Apparently, QEMU is the only piece of open source code that can emulate an x86 operating system on the new Apple silicon (M1, M2, etc.).

Apple built Rosetta 2, which, in theory, does the exact same thing that QEMU would be doing in these scenarios. It translates x86 (Intel) instructions into the instruction set supported by the new Apple silicon processors.

Rosetta 2 does it with remarkable performance, and some x86 applications even run with better performance than on native x86 hardware. QEMU, on the other hand, doesn't get even close when running x86 Linux on Apple silicon.

How can Rosetta have such superior performance? Are there any "secrets" that only Apple knows about their architecture that were never shared with the QEMU project? Any forbidden APIs that QEMU is not allowed to access?

  • Qemu is an interpreter. Rosetta is a Jit recompiler. Nov 10, 2023 at 14:12

2 Answers 2


Rosetta and QEMU are both emulators. However, they tackle the problem in vastly different ways.


In order to emulate a a Linux system, QEMU must also emulate storage devices, console output devices, ethernet devices, keyboards, and the entire CPU. With this framework, it emulates every instruction doing everything with Just in Time translation. From the Linux kernel down to your /bin/ls command.

There are generally few limitations to QEMU's Intel emulation. You can run most any Intel Operating System and associated applications.

Rosetta 2

Apple's emulation, on the other hand, happens before the application launches. The entire binary is translated from x86 to Apple Silicon and launched. Once translated, the application is in effect a native arm64 binary making native macOS system calls.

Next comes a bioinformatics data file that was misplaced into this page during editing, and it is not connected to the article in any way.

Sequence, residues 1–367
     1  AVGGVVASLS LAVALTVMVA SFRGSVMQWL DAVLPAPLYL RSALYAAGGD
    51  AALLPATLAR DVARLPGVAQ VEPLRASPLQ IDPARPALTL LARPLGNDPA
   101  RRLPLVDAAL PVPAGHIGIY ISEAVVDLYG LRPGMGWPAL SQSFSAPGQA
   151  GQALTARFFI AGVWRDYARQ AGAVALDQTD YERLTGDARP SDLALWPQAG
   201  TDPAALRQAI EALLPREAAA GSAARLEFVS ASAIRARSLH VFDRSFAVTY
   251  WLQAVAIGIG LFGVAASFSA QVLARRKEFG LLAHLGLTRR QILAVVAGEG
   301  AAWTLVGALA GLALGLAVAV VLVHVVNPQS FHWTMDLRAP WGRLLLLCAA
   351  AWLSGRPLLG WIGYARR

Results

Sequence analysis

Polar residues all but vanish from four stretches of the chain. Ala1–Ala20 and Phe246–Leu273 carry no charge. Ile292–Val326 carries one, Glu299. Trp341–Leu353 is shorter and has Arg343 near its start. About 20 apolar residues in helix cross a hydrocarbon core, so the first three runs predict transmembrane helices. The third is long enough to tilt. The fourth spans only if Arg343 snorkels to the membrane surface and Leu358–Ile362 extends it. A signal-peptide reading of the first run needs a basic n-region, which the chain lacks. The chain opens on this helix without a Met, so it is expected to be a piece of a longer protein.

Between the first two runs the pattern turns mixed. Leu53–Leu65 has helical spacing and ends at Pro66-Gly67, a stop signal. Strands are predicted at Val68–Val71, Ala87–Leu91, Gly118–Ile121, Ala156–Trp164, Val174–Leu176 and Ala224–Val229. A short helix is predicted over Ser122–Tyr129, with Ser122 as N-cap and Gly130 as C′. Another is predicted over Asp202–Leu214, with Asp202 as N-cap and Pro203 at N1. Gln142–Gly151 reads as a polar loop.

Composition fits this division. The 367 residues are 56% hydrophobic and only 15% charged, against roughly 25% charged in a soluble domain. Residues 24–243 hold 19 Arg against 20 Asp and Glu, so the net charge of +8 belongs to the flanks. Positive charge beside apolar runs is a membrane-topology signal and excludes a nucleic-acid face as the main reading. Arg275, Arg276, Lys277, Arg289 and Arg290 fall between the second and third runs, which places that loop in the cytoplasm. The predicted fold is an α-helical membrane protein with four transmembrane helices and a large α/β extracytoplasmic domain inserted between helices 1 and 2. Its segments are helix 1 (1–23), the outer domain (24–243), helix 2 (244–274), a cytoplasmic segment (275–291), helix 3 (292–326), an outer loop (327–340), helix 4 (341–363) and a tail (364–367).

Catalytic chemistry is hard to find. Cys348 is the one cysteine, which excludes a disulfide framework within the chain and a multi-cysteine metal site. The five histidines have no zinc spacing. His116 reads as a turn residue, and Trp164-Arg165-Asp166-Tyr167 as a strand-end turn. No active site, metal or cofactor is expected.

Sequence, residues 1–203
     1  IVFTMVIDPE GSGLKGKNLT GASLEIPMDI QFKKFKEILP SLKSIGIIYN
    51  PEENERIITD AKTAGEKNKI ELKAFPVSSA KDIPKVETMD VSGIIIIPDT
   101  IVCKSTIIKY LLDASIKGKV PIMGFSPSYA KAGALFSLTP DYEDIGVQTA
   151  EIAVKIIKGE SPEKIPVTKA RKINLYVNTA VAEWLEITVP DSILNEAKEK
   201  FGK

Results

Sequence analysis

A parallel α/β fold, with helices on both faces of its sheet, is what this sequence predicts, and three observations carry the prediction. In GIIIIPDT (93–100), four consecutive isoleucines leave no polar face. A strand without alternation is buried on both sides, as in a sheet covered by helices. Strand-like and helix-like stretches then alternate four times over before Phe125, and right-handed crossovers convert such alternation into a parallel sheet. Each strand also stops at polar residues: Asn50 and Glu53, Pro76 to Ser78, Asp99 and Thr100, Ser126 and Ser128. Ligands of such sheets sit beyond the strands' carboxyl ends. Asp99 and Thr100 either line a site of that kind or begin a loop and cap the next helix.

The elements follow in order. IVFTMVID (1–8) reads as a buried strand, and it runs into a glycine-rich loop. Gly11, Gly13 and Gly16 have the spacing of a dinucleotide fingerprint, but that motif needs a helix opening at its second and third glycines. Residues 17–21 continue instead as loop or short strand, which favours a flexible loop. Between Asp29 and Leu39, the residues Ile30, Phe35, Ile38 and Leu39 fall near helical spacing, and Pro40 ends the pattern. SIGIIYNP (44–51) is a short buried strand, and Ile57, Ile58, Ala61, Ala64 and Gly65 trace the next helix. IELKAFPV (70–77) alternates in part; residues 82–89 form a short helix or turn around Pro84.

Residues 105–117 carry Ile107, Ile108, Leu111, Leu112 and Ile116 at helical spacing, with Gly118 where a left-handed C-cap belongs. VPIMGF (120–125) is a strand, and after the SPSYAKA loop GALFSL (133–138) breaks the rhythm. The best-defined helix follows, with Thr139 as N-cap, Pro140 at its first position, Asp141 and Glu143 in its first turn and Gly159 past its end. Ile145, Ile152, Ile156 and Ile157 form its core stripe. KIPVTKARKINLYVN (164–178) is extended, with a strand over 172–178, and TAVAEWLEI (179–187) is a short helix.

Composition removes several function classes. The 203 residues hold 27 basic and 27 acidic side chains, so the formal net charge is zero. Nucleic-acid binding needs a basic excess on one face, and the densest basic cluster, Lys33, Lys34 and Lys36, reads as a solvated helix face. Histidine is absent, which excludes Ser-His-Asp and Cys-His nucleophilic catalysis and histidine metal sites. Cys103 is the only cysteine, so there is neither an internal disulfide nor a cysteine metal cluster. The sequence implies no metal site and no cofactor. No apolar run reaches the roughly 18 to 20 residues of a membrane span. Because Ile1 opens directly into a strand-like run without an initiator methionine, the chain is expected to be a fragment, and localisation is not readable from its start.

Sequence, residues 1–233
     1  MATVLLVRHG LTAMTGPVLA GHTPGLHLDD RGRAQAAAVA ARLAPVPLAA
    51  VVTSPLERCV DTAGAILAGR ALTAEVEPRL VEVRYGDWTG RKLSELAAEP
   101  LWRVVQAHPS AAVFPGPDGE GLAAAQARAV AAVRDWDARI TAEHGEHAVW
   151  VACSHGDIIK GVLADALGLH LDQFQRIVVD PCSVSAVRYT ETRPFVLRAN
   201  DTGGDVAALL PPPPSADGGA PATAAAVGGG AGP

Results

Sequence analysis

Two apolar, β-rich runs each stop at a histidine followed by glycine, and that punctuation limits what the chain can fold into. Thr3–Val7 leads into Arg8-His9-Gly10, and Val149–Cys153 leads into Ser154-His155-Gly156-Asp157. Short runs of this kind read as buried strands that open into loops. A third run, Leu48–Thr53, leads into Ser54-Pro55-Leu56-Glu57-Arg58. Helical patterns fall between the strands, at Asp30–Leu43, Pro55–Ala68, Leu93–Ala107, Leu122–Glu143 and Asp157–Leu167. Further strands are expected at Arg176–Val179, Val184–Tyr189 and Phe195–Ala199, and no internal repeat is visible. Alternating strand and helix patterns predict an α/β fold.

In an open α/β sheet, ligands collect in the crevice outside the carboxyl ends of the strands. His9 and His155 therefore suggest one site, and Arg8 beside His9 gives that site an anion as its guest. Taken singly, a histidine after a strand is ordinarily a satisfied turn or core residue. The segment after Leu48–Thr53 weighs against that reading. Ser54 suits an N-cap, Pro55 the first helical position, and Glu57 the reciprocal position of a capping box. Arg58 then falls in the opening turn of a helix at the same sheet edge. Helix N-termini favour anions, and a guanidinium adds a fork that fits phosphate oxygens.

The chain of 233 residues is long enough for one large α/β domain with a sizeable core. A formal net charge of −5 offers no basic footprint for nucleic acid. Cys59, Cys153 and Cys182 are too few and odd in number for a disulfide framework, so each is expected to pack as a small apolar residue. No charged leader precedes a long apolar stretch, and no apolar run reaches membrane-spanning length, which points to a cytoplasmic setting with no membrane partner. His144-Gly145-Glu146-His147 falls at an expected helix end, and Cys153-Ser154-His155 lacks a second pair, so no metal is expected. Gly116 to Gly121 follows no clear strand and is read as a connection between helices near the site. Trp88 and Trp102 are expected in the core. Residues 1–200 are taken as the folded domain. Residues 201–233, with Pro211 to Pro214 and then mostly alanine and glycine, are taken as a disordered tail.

Apple's documentation explains it thus:

If an executable contains only Intel instructions, macOS automatically launches Rosetta and begins the translation process. When translation finishes, the system launches the translated executable in place of the original. However, the translation process takes time, so users might perceive that translated apps launch or run more slowly at times.

Additionally, Apple Silicon has an option to run code translated from Intel using identical memory-ordering as Intel:

4/ So Apple simply cheated. They added Intel's memory-ordering to their CPU. When running translated x86 code, they switch the mode of the CPU to conform to Intel's memory ordering. — Robᵉʳᵗ Graham, provocateur (@ErrataRob) November 25, 2020

Rosetta 2 has a number of significant limitations. For example you can't use Intel Kernel extensions, Virtual Machine apps that virtualize x86_64 computer platforms (Parallels for example), or AVX/AVX2/AVX512 vector instructions.


I think the existing answer is missing a fairly important aspect to Rosetta's "magical" performance.

x86 has stronger memory ordering than arm64 does

Rosetta's ability to translate x86 machine code to efficient arm64 is greatly aided by the addition of a strong memory ordering mode in the Apple Silicon implementation of arm64. Any other emulator or platform attempting to translate x86 to arm64 must insert memory barriers all over the place to ensure that assumptions made when targetting x86 hold in the translated arm64 code. But with Apple Siliocn, Rosetta can just "flip a switch" and enable those stronger memory constraints when running code translated from x86.

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